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Unmasking with the Values Based Integration Process


Photo by Kelly Sikkema on Unsplash

It was years ago now when a friend who had adopted two little girls with FASD (Fetal Alcohol Spectrum Disorder) told me about the 10:1 ratio. The idea was that for every one word of correction that we receive we need another ten words of praise and affirmation.

That’s because our brains are really good at filtering out and dismissing the good things we hear – and we’re even better at remember the negative.

I’ve since seen this wisdom repeated in books on trauma therapy, books on attachment theory, and even articles on buzzfeed – so I know the idea is getting around. But I’m not sure whether we’ve really taken it in when it comes to our kids.

Because if you’re anything like me, then this approach is going to take a little bit of time to get used to. You may even find the whole concept a bit overwhelming, and if so, a few of these ideas might help you to get started:

Take every opportunity to point out the positive. If we need ten words of praise for every correction then we’re going to have to get really intentional about finding things to praise our kids for.

  • They didn’t throw their shoes off when they came in the house? “Great job taking your shoes off gently.”
  • Their peas only went as far as the edge of their placemat? “I see how hard you’re trying to eat neatly. Well done.”
  • You only have to wake them up twice in the morning? “Good morning, sunshine! Thanks for waking up so willingly!”

To begin with this process can feel unwieldy and awkward, but it doesn’t take long before their beaming smiles and improved cooperation help to reinforce your hard work.

Consider carefully whether this correction is worth it. In this new way of thinking about praise and correction, there is a cost to both you and your child whenever you correct them. Nagging goes in here too. And so we need to start asking ourselves, is this correction worth the cost?

For example, when your little one leaves the hand towel on the floor every time they wash their hands because they’re not quite tall enough to reach it, is it worth correcting them every time? Or do you just need to put a longer towel on the rack so that they can reach easily?

When correction is necessary, always sandwich it in praise. I don’t mean surround it by meaningless statements just to try to make your child feel good. I mean take the time to find all of the good in the situation.

For example, “Elizabeth I’ve been so impressed with how well you’ve been playing with Dylan today. You shared your blocks with him, and you played PlayDoh with him and you helped me make a snack for you both. Those were great things you did. And I know you thought you were just playing, but it’s never okay to throw your food. Can you help me clean this up please? … Thank you so much for helping me clean up the food, Elizabeth. You did a great job with the broom and dustpan.”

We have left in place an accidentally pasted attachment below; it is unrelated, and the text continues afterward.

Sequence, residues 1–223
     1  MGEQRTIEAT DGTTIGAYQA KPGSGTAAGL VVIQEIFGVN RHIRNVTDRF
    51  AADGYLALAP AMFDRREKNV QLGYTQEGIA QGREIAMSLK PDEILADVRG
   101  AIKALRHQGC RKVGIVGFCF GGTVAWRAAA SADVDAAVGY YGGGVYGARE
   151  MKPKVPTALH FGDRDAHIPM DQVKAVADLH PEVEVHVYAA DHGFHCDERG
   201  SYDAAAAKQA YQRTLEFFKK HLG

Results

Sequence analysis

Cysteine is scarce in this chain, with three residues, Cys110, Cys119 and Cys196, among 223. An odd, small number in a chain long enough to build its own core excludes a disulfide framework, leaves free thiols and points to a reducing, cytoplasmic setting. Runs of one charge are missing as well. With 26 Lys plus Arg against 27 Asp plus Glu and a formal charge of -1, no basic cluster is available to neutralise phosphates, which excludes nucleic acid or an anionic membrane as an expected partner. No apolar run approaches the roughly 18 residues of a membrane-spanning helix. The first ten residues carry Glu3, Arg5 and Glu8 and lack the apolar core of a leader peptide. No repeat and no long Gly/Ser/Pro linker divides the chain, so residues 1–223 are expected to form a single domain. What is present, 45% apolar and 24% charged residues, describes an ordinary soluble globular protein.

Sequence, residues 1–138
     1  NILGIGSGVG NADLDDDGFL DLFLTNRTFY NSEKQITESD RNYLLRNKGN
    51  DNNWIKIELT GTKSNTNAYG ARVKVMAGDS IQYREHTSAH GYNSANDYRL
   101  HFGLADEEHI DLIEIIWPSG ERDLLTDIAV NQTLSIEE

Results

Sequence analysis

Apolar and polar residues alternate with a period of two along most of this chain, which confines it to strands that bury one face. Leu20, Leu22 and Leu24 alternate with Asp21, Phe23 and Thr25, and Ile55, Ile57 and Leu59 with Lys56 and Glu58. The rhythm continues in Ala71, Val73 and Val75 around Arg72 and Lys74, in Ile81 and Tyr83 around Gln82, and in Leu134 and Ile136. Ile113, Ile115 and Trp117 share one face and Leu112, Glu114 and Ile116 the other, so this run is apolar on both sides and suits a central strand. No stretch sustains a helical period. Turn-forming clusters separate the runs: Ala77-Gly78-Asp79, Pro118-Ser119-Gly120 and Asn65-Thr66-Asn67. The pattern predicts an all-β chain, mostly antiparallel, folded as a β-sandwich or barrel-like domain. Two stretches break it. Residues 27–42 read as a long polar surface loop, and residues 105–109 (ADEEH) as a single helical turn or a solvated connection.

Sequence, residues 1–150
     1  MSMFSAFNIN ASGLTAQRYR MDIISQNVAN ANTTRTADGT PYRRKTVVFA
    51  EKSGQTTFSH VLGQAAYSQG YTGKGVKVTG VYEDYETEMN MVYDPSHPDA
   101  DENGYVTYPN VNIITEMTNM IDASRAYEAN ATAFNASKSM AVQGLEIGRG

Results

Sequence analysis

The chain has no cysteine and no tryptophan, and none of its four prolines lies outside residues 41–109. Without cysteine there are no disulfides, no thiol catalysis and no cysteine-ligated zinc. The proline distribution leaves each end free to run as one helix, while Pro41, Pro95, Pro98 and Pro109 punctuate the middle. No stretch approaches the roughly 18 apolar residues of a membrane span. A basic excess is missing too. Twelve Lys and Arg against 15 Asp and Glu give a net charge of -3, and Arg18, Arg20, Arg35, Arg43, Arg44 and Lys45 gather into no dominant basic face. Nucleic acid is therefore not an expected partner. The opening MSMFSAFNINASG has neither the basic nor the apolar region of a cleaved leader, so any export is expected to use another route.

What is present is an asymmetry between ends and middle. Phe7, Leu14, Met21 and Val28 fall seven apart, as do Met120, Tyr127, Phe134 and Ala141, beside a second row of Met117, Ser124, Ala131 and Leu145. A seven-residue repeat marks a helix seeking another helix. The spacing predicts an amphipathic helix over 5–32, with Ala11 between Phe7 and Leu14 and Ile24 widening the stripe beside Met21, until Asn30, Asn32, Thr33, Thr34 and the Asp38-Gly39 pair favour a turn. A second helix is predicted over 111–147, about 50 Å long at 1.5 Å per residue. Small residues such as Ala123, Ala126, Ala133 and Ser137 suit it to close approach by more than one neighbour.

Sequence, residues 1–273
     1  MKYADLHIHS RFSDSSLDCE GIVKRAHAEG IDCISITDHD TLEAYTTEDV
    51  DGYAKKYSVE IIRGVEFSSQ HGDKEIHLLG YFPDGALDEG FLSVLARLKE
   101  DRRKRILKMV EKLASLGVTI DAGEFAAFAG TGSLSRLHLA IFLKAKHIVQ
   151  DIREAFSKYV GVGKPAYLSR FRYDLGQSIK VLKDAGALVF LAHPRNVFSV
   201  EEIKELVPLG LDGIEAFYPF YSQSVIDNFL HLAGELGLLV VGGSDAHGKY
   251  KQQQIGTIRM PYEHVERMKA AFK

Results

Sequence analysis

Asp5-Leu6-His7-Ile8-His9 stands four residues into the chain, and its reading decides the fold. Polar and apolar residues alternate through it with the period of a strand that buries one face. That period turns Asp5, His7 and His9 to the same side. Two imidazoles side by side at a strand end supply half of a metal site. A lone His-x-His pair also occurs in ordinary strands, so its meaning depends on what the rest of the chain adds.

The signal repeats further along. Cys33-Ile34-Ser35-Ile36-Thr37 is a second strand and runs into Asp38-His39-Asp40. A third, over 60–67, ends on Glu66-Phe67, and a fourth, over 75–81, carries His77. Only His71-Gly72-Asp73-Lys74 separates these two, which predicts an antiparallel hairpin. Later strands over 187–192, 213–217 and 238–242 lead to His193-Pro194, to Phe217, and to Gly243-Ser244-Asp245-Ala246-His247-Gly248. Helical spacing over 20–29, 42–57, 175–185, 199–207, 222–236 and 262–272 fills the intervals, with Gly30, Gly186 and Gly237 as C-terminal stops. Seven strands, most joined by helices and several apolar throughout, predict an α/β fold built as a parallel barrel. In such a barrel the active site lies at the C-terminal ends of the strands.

The process of shifting our focus from correction to praise takes time, but the impact can be substantial as our children begin to gain a positive sense of both their own self-esteem and also of their capacity to valuably contribute to the family. It might not be easy, but I can guarantee that it will be worth it!

2 responses to “10:1”

  1. […] For more info on this concept you can check out my post from January called 10:1.   […]


  2. […] in criticism and assign a much higher-than-normal value to it. Experts suggest that we need about ten words of encouragement or celebration for every one criticism we receive if we want to ‘maintain’ our feelings of self-worth and emotional […]


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About the program

In 2017 I was newly self-diagnosed with atypical autism, struggling with burnout, and striking out when it came to therapists who could address the issues I was facing. At the same time, I was building skills around life coaching, shame reduction, and trauma-informed therapy for work. Gradually I realized that what I needed – an embodied, autonomous, agency-driven coaching approach to unmasking – was not something I was going to find “out there”, but something I was going to need to create if I wanted to recover my life. This was the moment the Values Based Integration Process was born.

Having developed the program for myself – and having seen the incredible results it brought in my own life – I began to use it with coaching clients. The results were out of this world!

After conversations with Dr. Devon Price, the technique was featured in his book Unmasking Autism. With it, came interest in the technique and the decision was made to begin training coaches and therapists to help make this toolkit more readily available.


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